1976 Buick Century Indy Pace Car Replica review: The Greatest Spectacle

1976 Buick Century Indy Pace Car Replica

1976 Buick Century Indy Pace Car Replica

It’s axiomatic that the smaller a general’s army, the greater the gold braid, medals and festoons on his uniform. The same is often true of automobiles. At least it was with the 1976 Buick Century Indy Pace Car Replica.

During the 1970s, the double whammy of emissions and serial fuel crises saw visual horsepower proliferate as the real stuff evaporated following assorted governmental edicts. Indeed, the 1976 Buick Century coupe would be wrapped with expansive sheets of decals, covering the better part of its doors and rear fenders in a bright orange and black “Free Spirit” eagle motif, as well as orange and black stripes on the hood, and a blacked-out tail panel.

At least the Century came by its decoration honestly. Buick had provided the Indianapolis 500 pace car in 1975, and quickly accepted the honor again the following year’s Indy 500; there’s loads of publicity to be had in pacing The Greatest Spectacle in Racing. It was usually necessary to modify a production car to handle the task: taking corners at speed and accelerating quickly enough for the restarts. Often, the pace car “replicas” sold to the public are merely similar in appearance to the actual track-use car. The ’75 pace car, for example, was a Century powered by a 455-cubic inch (7460 cc) V-8. Under the hood of the replica was the ubiquitous and yawn-worthy General Motors 350 cubic inch V-8.

The ’76 actual race pacer had a turbocharged V6 that, with about 20 pounds of boost, produced 306 horsepower. The 1976 Buick Century Indy Pace Car Replica was available with a V6 as well–albeit a normally aspirated one. GM was in the throes of reducing engine sizes, even to the point of putting the 110-horsepower V6 in full-size chassis. Note: that’s not a typo. The Buick Century’s base engine made less power than today’s Mini Cooper. ¬†Using the V-6 resulted in the desired fuel economy of about 20 mpg, but also led to acceleration numbers measured in centuries.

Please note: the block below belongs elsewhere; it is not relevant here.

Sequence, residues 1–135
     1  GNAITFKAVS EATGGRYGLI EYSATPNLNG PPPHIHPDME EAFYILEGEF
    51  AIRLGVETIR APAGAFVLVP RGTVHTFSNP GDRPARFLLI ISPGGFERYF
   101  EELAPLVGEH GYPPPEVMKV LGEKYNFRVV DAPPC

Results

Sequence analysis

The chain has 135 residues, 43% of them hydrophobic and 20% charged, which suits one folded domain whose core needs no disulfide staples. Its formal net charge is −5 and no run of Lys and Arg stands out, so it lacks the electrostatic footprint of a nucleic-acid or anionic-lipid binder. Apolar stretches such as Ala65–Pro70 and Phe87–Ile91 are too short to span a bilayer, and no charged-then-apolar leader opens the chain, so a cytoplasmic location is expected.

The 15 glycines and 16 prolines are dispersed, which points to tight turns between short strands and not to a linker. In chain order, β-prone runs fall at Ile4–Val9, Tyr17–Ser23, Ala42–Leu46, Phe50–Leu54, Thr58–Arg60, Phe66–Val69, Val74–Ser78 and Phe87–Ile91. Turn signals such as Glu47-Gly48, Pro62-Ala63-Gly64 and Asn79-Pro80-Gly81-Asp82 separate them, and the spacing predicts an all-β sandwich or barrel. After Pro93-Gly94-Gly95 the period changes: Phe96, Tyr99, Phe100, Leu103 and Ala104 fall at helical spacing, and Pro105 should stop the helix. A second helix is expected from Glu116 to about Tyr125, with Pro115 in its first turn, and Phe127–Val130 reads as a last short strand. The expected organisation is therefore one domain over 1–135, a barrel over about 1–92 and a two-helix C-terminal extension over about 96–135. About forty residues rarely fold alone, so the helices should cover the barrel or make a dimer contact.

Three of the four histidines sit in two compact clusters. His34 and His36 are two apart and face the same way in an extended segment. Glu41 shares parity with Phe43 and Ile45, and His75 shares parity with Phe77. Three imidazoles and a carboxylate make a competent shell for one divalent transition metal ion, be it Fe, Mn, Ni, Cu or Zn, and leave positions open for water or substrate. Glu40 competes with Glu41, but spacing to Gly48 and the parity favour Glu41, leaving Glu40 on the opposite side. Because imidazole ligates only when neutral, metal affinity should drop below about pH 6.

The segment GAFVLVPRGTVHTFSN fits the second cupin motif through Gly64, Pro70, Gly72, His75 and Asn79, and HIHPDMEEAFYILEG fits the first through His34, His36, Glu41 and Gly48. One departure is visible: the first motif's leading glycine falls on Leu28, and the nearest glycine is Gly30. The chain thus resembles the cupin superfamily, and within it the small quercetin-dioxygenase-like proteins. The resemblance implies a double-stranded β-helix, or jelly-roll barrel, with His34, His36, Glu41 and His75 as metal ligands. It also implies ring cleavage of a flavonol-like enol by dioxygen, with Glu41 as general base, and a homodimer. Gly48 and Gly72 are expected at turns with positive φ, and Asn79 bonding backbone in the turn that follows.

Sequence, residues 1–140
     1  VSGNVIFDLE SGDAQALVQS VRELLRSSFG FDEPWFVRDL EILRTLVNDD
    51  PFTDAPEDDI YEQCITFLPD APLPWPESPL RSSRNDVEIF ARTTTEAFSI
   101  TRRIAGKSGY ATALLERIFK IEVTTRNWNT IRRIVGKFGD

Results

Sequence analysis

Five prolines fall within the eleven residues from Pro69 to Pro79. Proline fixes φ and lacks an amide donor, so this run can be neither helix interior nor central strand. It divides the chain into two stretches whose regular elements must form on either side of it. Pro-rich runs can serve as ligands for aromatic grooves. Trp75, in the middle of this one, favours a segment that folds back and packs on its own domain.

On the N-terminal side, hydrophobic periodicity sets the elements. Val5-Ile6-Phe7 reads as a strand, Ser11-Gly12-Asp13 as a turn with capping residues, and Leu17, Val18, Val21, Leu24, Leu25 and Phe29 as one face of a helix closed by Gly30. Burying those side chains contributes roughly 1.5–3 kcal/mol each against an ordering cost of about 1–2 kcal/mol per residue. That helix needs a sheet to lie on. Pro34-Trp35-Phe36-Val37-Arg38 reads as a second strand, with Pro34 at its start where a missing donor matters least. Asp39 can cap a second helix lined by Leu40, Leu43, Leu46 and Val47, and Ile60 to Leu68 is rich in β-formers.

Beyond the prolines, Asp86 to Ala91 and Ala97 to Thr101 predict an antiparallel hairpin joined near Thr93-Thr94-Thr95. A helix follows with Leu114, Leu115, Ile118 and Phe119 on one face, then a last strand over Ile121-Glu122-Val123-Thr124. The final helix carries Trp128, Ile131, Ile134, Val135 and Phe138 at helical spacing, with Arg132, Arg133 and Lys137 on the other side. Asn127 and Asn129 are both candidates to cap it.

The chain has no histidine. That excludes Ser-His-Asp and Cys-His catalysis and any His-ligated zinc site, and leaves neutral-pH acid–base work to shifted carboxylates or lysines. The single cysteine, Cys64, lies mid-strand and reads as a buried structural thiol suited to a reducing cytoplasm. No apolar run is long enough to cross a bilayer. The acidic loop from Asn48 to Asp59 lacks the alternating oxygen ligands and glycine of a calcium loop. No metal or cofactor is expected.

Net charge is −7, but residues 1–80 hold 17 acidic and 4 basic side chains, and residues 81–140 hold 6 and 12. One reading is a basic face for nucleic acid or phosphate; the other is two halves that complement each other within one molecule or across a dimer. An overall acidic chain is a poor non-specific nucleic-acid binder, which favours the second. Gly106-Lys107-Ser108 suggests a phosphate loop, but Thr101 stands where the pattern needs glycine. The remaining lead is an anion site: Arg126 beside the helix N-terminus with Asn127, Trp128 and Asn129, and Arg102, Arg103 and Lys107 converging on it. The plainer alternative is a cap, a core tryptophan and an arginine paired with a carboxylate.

However, the 1976 Buick Century Indy Pace Car Replica’s six-cylinder engine could be replaced by one of two V-8s, a 350 V8 with either a two- or four-barrel carburetor, rated at 145 horsepower or 165 horsepower respectively (and five ponies less in California due to that states more restrictive emissions regulations). A three-speed automatic was standard with the V8, mandatory with the V6 in California.

Power steering and brakes were still options for the 1976 Buick Century Indy Pace Car Replica, but radial tires and front discs had become standard equipment. The 1976 replicas, offered only in silver, got multihued decorations and, just like the real pace car, a gullwing Hurst Hatch roof was available.

Mike Pinto, of Bangor, Pennsylvania, bought one of the 1,291 1976 Buick Century Indy Pace Car Replicas Buick built. His had the Hurst T-bar roof, which is partly responsible, Pinto says, for the car still being in such good condition. The roof leaked, and the replacement panels obtained under warranty leaked even worse, so the car was never parked in the rain.

It was, by the way, the closest thing to a convertible from Buick in ’76; the division’s last drop was made the year before.

1976 Buick Century Indy Pace Car Replica

1976 Buick Century Indy Pace Car Replica (click to enlarge)

The doors on this two-door Century are long and heavy, seemingly opening half of the side of the car, though not making entry behind the skinny-rimmed sport steering wheel any easier. The wheel’s hub, with no airbag module, looks oddly small, while the hood is broad and flat. The instrument panel’s only needles are the circular speedometer and the fuel gauge.

The driver of a 1976 Buick Century Indy Pace Car Replica receives little information from the numb power steering, but the suspension was agreeably firm. Alas, the Century’s two-ton mass is the stuff of leisurely acceleration for the 145 horses of the Indy 500 pace car replica. As compensation, perhaps, Mike reports it’s an excellent car for long-distance highway driving.

That a next century of technology has advanced today’s cars beyond the performance of the 1970s should be expected, but perhaps this well-preserved example of a dark and trying time shouldn’t be faulted for its ribbons and braids. As the saying goes, one does what one can, and keeping the spirit of performance, if not the real thing, should be recognized. And with the bright plumage of the 1976 Buick Century Indy Pace Car Replica, it’s hard not to notice.